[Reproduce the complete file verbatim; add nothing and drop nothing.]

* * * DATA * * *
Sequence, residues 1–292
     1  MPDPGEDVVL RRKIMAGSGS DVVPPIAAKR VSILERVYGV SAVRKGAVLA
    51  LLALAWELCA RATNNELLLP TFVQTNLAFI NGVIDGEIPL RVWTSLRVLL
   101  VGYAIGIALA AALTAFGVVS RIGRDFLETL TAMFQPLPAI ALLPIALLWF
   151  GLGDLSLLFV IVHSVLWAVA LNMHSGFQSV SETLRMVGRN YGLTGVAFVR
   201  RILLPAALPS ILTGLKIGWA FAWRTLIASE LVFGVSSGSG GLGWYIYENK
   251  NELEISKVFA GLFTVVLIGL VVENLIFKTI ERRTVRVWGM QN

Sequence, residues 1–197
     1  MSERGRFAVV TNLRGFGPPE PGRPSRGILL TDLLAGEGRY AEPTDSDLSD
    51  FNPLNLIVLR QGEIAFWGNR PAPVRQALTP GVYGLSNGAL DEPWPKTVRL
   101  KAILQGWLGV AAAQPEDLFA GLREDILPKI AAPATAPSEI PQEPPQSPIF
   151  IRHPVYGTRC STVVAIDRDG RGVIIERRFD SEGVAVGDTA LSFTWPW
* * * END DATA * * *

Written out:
Sequence, residues 1–292
     1  MPDPGEDVVL RRKIMAGSGS DVVPPIAAKR VSILERVYGV SAVRKGAVLA
    51  LLALAWELCA RATNNELLLP TFVQTNLAFI NGVIDGEIPL RVWTSLRVLL
   101  VGYAIGIALA AALTAFGVVS RIGRDFLETL TAMFQPLPAI ALLPIALLWF
   151  GLGDLSLLFV IVHSVLWAVA LNMHSGFQSV SETLRMVGRN YGLTGVAFVR
   201  RILLPAALPS ILTGLKIGWA FAWRTLIASE LVFGVSSGSG GLGWYIYENK
   251  NELEISKVFA GLFTVVLIGL VVENLIFKTI ERRTVRVWGM QN

Sequence, residues 1–197
     1  MSERGRFAVV TNLRGFGPPE PGRPSRGILL TDLLAGEGRY AEPTDSDLSD
    51  FNPLNLIVLR QGEIAFWGNR PAPVRQALTP GVYGLSNGAL DEPWPKTVRL
   101  KAILQGWLGV AAAQPEDLFA GLREDILPKI AAPATAPSEI PQEPPQSPIF
   151  IRHPVYGTRC STVVAIDRDG RGVIIERRFD SEGVAVGDTA LSFTWPW